By its legal definition, the “relation back doctrine” enables a plaintiff to correct a pleading error, by adding either a new claim or a new party, after the expiration of the statutory limitation period. In some cases, spouses who are parties to subsequent marriages have attempted to assert the “relation back” doctrine to persuade courts to reinstate/reinforce alimony or maintenance payments from their previous marriage(s).
To base annulment on force, restraint, or threats, the duress must have been the inducing cause of the marriage such that the consent to marry would not have been given but for the duress. Moreover, the force or duress must continue to the time of the wedding ceremony. Annulment generally will not be granted for duress if the coerced spouse has the ability to escape or overcome the force or duress.
One issue that arises in divorce proceedings is the use and possession of the family home, particularly when the spouses are living in the same house and both require use and possession of the home. If the parties have minor children, the custodial parent usually receives the right to use and possess the home in order to safeguard the children’s interest. This right is given to the custodial parent as a form of maintenance or support, in the court’s discretion. The right given to one of the spouses is limited to a specific period after the divorce, which is determined by the court. That benefit may last in some form until the parties’ youngest child no longer is a minor.
In divorce, a critical issue impacting the treatment of insurance policies is whether the policy benefits are separate property or marital property. State divorce courts have reached varied answers on the question of whether a life insurance policy is separate or marital property. In some states, “whole life” insurance contracts have been held to be marital property and generally have been valued at their cash surrender value. “Term life” policies, on the other hand, which lack a surrender value, have not been considered divisible property. In states in which inheritances or gifts are classified as separate property, insurance proceeds usually are not treated as marital property for purposes of property distribution in divorce. Other courts have ruled that the proceeds of a life insurance policy purchased with community property should be treated as community property in a divorce.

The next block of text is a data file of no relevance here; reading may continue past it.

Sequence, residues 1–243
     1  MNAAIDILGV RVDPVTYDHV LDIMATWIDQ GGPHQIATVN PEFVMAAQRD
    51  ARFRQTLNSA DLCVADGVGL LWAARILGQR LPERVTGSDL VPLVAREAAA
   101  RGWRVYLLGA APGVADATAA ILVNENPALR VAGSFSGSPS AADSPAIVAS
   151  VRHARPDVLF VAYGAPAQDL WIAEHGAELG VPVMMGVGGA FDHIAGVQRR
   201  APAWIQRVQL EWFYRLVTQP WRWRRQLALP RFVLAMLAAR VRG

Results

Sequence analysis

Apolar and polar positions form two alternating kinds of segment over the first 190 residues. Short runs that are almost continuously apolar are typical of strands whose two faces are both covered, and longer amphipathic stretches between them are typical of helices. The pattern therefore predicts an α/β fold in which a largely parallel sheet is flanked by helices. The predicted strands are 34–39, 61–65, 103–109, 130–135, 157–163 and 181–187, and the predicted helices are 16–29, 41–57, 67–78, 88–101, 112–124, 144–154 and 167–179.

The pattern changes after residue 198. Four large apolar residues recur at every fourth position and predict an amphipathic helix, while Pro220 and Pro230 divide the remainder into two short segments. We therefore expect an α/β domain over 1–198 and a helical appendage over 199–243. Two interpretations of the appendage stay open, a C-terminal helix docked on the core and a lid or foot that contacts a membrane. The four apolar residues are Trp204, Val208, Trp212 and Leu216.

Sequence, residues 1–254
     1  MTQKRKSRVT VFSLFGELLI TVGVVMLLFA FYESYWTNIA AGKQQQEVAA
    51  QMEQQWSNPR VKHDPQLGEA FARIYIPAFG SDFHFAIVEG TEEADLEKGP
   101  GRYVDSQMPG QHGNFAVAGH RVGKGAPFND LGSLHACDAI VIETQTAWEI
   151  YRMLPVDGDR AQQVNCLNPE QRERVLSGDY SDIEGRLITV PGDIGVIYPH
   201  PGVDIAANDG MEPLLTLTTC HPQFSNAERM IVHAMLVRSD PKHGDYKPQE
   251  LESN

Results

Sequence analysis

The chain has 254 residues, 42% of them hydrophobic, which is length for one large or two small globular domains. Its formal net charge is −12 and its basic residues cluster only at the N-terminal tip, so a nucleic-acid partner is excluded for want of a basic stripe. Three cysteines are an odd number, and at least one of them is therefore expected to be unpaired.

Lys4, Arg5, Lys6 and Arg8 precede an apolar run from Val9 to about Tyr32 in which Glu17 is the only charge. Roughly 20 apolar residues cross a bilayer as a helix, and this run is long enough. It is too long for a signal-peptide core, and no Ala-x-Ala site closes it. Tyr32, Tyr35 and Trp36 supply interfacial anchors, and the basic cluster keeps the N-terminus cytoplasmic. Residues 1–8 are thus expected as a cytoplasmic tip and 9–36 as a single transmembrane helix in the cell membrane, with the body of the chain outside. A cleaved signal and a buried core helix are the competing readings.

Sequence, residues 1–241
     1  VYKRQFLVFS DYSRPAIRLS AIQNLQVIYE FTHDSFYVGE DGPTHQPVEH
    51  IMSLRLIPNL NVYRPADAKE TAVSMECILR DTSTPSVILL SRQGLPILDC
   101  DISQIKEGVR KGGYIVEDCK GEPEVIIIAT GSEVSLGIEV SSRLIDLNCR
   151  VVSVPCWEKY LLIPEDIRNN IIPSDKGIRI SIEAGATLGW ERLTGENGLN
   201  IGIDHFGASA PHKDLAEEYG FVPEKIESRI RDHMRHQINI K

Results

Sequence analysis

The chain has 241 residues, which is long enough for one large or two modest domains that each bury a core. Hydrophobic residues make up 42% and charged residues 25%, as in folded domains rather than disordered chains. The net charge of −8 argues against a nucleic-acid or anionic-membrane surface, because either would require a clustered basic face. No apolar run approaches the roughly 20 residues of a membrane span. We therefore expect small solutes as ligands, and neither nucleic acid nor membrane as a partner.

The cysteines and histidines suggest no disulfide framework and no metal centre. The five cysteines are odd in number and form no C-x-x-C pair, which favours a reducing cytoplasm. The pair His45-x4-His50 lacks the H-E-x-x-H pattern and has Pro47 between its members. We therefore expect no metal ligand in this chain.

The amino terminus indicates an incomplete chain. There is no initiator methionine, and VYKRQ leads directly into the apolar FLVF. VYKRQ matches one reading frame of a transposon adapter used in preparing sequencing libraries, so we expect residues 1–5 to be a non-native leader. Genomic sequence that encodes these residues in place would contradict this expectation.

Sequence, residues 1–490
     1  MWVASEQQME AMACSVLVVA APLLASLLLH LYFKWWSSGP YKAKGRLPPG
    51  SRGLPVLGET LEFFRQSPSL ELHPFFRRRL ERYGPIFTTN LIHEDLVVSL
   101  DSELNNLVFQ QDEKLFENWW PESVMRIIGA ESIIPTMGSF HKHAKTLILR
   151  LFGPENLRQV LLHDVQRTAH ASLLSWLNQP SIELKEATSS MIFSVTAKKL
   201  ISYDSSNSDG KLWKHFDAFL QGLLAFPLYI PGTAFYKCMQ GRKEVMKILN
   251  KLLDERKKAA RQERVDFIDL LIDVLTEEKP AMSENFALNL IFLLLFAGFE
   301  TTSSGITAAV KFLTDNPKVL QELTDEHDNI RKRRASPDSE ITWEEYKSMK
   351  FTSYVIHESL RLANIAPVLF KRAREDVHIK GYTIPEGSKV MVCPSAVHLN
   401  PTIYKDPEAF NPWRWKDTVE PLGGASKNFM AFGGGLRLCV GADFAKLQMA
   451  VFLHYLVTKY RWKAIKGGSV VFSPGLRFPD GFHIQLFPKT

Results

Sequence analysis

Collaborative law is a method of family law dispute resolution in which divorcing spouses settle their differences out of court. The trend towards collaborative law developed from a desire to avoid lengthy legal and court proceedings while still reaching a compromise mutually acceptable to all parties. Parties to divorce, their attorneys, and any other professional involved agree to make a good faith attempt to reach an amicable settlement without going to court; collaborative practice is intended to minimize difference while working toward that resolution.